I am interested in the mechanisms which a company can use the money that investors give them when they buy a public stock since they are being bought and sold constantly. How can a company spend other people's assets when the shareholders still own their stocks and they still retain a liquid value? To me it seems like stocks are a case of "having your cake and eating it too".
A simplified version of what's going on is the company raises capital (money) by selling a portion of itself (an ownership stake) to the investors — the first purchasers of the stock. The existing owners allow this in the belief the capital raised from this one time sale will be used to increase the value of the company enough so they are better off than before.
This kind of thing must be approved by the company's board of directors, who are elected by shareholders (owners) and exist to act on behalf of the shareholders rather than the management team or employees. One of the board's primary duties is the hiring and firing of the senior management team. In this way, shareholders can be said to have ultimate ownership and set ultimate direction for a company, by selecting board members who will choose a management team that sets priorities in line with shareholder interests.
When you buy a stock, you're buying a very small ownership stake in the company1. Buy enough of a company's stock, and you get a say in who gets to sit on the board of directors for the company, and therefore a say in what the company does and how it behaves, or even a potential claim on its assets. This is part of what gives a stock value on the open market2. But the money spent to buy the stock went to the stock's previous owner, which is usually not the company itself.
The other way a stock has value is through dividends. A business exists to make money for it's owners. That is it's purpose. Large public corporations are no exception, and they do this by sometimes taking a portion of their profits and paying it out to shareholders. That is a dividend. So owning the right stocks means sometimes getting "free" money above and beyond the value of the stock itself. A stock with a reputation for paying dividends may have more demand, and therefore a higher stock price3.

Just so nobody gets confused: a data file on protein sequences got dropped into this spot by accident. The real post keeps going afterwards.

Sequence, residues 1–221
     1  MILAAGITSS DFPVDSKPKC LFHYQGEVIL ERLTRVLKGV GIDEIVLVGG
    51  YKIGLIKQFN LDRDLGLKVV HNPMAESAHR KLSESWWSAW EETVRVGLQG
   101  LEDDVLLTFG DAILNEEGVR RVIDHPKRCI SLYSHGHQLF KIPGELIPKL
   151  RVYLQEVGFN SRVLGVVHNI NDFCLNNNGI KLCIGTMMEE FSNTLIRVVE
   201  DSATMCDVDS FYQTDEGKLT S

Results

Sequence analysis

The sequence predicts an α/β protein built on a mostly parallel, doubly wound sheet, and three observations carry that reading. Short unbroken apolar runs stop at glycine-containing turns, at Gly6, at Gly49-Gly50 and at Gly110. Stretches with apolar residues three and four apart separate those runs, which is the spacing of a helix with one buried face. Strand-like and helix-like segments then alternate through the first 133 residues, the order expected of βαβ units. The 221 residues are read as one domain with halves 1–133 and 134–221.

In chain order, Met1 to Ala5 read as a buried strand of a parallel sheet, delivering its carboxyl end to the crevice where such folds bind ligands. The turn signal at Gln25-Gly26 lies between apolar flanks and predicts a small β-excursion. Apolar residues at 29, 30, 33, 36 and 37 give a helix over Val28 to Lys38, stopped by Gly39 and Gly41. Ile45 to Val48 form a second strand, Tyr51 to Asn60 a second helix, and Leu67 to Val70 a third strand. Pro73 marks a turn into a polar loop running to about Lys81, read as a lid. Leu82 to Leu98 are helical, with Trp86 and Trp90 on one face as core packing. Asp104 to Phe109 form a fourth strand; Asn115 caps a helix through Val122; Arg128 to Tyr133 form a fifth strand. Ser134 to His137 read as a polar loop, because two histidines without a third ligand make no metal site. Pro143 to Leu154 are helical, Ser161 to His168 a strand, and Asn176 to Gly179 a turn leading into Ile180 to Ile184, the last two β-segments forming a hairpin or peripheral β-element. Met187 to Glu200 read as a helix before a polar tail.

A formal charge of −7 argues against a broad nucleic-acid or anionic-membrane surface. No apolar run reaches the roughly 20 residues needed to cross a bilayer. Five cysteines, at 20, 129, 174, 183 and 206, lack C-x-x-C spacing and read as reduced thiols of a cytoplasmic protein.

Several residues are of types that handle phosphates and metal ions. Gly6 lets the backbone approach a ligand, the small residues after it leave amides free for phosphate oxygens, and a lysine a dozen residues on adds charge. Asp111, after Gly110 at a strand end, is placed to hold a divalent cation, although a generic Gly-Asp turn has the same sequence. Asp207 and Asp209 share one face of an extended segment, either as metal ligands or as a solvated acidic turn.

But the important thing to understand relative to this question is the stocks are a one-time sale for the company. The company receives capital once from the initial sale, and doesn't get any input or return when (or if!) the stocks are bought/sold afterwards.
The company does still care about the stock price, though, because of the shareholders who own those stocks (and therefore own the company). If the stock performs poorly, the shareholders will get the board to replace the company's management team (by first replacing board members if necessary). Or they'll sell the stock in order to purchase another stock that is more valuable, which helps the stock price trend lower-still, which will further encourage other shareholders to take action.
The other thing that can happen if the stock prices trends too low is the company becomes vulnerable to take-over by a rival. Remember ownership of stock is ownership of the company, and a rival need only purchase 51% of the stock to control the board — often even less if there is a sympathetic investor with the ailing company. Thus a low stock price can be dangerous for a company's very existence.
In other words, if a C-level executive wants to keep that nice six or seven figure salary package, they better keep that stock price healthy4.
Of course, you, I, or any other average Joe are unlikely to ever reach the level where we have a meaningful reason to attend a shareholders meeting and actually vote on anything that matters to us5. We don't really care about the ownership stake so much. We do care that stocks have shown stable and even increasing value over time. This makes them a useful place to park savings, that might even provide a good return.
As a practical matter, the stock market as a whole cannot indefinitely out-perform the general economy, relative to the portion of said economy devoted to investment practices. Over time the stock market and larger economy should rise or fall at about the same rate. But there are variances between the two, where sometimes the stock market can lead or trail what the larger economy is doing, and some individual stocks can out-perform the economy while others languish. Individual investors can sometimes do very well for themselves this way (and the reverse is also possible). Sometimes the tail can even wag the dog, and investment behavior can actually spur real economic growth or decline.
1. This is gross over-simplification. In reality, there are different classes of stock, and the casual investor rarely ends up with stock that grants any meaningful ownership interest
2. This has interesting implications in the face of investment vehicles like mutual funds, where you don't own shares in the fund companies directly. Instead, you own a share in the fund. You give up any ownership voting rights you may have had, and instead help the fund managers (often banks) amass larger stakes in a company than they could using their own money.
3. In practice, dividends also have some negative attributes, such as higher tax rates, that don't attract as many investors as you might think.